• Ask your agent.Your real estate agent should be able to help you determine a fair price point for the home. If that matches the list price, consider offering that price.
  • Be competitive.If you’re competing with cash buyers, a full-price offer might sway things your way.
  • You have less power in a seller’s market.In a seller’s market, you have limited power as the buyer. Consider giving the seller exactly what they asked for to close on a house.

Making a Reasonable Offer

Depending on the situation, a reasonable offer might range from the listing price to 20% below list price. Here’s a breakdown of what that might look like for the home you are considering:

Reasonable vs. Unreasonable House Offers

Listing Price5% Below (Reasonable)10% Below (Reasonable)15% Below (Reasonable)20% Below (Reasonable)25% Below (Unreasonable)40% Below (Unreasonable)

Finalizing Your Offer

You’ve done your homework. Now it’s time tostrengthen your house offer to stand out. Beyond the offer amount, you have a few more decisions to make before you and the seller are ready to sign apurchase and sale agreement.

Sweeten the offer

If you’re caught in a bidding war, you can set yourself apart from the crowd. Consider making an offer that waives certaincontingenciesor includes more earnest money.

When waiving contingencies, be careful. For example, waiving thehome inspectionis usually not a good idea because you could get stuck purchasing a home with serious flaws.

Consider an all-cash deal

When you make an all-cash offer, the seller can be sure that the deal won’t fall through due to a financing issue. In a competitive market, cash could make the seller consider your offer more seriously.

When to walk away

Regardless of the amount you offer, the seller has the opportunity to make a counteroffer. If the seller counters with a number out of your reach, it might be time toback out of buying the home.

FAQ: How Much Should You Offer?

Here are the answers to frequently asked questions about how much to offer on a home.

What is a respectable offer on a home?

As a potential buyer, there’s no rule on how much you have to offer on a home purchase. A respectable offer should be based on market research of comparable home sales. While the list price is a starting point, you are free to make an offer above or below that amount.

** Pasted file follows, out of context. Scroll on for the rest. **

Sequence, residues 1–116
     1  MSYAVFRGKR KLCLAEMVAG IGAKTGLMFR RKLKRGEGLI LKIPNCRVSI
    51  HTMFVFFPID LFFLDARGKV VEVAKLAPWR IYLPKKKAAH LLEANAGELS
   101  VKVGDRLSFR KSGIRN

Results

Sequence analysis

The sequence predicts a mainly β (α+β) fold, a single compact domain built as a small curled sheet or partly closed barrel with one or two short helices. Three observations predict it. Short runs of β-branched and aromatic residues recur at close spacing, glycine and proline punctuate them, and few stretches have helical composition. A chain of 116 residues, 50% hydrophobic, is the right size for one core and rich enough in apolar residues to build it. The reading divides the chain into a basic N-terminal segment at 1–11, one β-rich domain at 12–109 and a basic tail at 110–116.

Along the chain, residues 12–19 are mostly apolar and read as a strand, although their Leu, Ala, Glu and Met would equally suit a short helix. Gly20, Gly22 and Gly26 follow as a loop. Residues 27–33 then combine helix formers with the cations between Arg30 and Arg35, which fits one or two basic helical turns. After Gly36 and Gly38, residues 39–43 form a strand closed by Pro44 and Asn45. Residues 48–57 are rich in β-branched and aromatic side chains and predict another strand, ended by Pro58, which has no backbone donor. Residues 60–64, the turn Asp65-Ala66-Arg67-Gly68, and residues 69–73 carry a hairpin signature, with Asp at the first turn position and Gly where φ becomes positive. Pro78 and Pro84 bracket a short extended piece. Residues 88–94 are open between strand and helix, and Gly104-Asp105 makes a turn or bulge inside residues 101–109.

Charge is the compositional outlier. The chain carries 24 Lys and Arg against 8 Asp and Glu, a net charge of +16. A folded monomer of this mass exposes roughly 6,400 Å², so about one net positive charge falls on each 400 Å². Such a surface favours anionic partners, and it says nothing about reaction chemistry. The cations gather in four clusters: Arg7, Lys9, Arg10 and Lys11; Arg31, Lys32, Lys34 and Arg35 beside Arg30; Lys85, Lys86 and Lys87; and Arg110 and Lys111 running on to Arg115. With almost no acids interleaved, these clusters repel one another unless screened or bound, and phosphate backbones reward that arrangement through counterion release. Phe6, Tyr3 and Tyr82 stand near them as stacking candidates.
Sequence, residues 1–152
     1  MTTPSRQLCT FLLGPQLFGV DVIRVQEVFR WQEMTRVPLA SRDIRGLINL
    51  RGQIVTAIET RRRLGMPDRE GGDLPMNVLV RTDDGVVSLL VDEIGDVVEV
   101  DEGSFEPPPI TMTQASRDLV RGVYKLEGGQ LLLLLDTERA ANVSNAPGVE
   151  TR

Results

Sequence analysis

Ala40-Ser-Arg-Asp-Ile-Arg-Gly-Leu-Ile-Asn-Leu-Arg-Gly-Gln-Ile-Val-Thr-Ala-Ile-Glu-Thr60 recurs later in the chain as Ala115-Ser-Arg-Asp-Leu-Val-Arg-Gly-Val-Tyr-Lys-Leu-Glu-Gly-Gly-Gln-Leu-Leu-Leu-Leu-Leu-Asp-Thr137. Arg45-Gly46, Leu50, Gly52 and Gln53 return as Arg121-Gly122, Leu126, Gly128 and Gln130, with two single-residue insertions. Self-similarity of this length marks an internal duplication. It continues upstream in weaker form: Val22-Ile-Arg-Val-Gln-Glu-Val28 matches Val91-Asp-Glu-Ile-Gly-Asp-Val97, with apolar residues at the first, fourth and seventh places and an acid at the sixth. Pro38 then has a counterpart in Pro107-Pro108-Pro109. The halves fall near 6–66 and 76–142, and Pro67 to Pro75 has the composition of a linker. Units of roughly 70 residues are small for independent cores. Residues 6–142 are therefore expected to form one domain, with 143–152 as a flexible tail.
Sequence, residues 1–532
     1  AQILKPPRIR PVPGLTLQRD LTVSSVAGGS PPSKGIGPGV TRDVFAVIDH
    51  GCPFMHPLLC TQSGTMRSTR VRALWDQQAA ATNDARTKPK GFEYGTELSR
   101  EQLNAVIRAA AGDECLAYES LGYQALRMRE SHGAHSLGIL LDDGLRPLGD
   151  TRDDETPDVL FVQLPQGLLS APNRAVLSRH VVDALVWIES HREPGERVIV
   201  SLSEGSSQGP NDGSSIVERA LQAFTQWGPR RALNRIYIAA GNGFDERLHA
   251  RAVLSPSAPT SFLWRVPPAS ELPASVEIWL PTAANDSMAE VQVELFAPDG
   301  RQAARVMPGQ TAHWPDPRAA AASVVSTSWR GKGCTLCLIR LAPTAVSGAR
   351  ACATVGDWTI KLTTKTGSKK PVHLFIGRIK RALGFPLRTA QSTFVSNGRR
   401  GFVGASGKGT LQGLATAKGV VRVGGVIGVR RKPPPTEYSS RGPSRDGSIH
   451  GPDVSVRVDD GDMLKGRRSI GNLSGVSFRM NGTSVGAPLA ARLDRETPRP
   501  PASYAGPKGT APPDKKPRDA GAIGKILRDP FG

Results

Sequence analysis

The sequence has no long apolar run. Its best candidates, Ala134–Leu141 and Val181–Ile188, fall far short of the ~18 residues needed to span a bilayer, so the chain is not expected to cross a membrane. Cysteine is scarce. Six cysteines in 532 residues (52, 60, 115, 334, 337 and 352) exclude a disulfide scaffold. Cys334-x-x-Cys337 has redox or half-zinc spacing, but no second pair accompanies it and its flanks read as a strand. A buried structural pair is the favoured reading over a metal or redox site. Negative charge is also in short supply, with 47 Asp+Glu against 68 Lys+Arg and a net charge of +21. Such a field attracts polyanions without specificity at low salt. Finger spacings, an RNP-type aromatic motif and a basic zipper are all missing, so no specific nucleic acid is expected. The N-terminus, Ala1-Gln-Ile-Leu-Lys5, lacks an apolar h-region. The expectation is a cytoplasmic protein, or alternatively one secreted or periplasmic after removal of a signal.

Should I offer $20,000 over asking price?

In a competitive seller’s market, offering $20,000 above asking price might get the seller’s attention. If you’re set on purchasing this home, making a high offer might be your best shot. However, you should only offer what you can comfortably afford.

What percentage is a lowball offer?

Every seller has a different opinion about what is a lowball offer. Generally, offering less than 20% of the list price falls into the lowball category. You have every right to make a lowball offer, but be prepared for a counteroffer.

The Bottom Line on How Much You Should Offer

When you find a home you want to buy, it’s sometimes difficult to put a price on it. You want to make a successful bid, but don’t want to pay more than you have to or more than you can afford. Putting in a lower bid risks your offer being refused or outbid by another buyer. But with some good research, advice from an experienced agent, and careful consideration of what you can afford, you should be able to put together a solid offer that can get you one step closer to owning a home.

More From LowerMyBills:

  • Types of Mortgage Loans and Refinances Explained
  • Down Payment Assistance and Resources for First-Time Homebuyers
  • Mortgage Application Checklist: Documents Needed for a Home Loan?
  • How To Compare Mortgage Offers
  • What Is Mortgage Underwriting?
  • Tips for Renters Priced Out of Buying a Home

Low or High: How Much Should You Offer on a House? | LowerMyBills (2)

Low or High: How Much Should You Offer on a House? | LowerMyBills (2024)


Is it OK to offer 10% below asking price house? ›

If you're offering 10% below, the property should be in a good condition but may just need some cosmetic work done. The goal of offering 10% below the asking price is to use those extra funds to cover the repairs.

What is a good amount to offer on a house? ›

You need to determine how much you can afford to spend on a house that you may have fallen in love with or is in an area where you want to live — or both! If this is The One, then you will want to make a house offer that is at least near the asking price — perhaps within 5 percent to 10 percent.

What is an acceptable low offer on a house? ›

It's also acceptable to offer 20% or more below asking when the house has been priced significantly higher than what other homes in the neighborhood have sold for. If comparable homes have sold for much lower than the list price of the house you're interested in, that could work in your favor.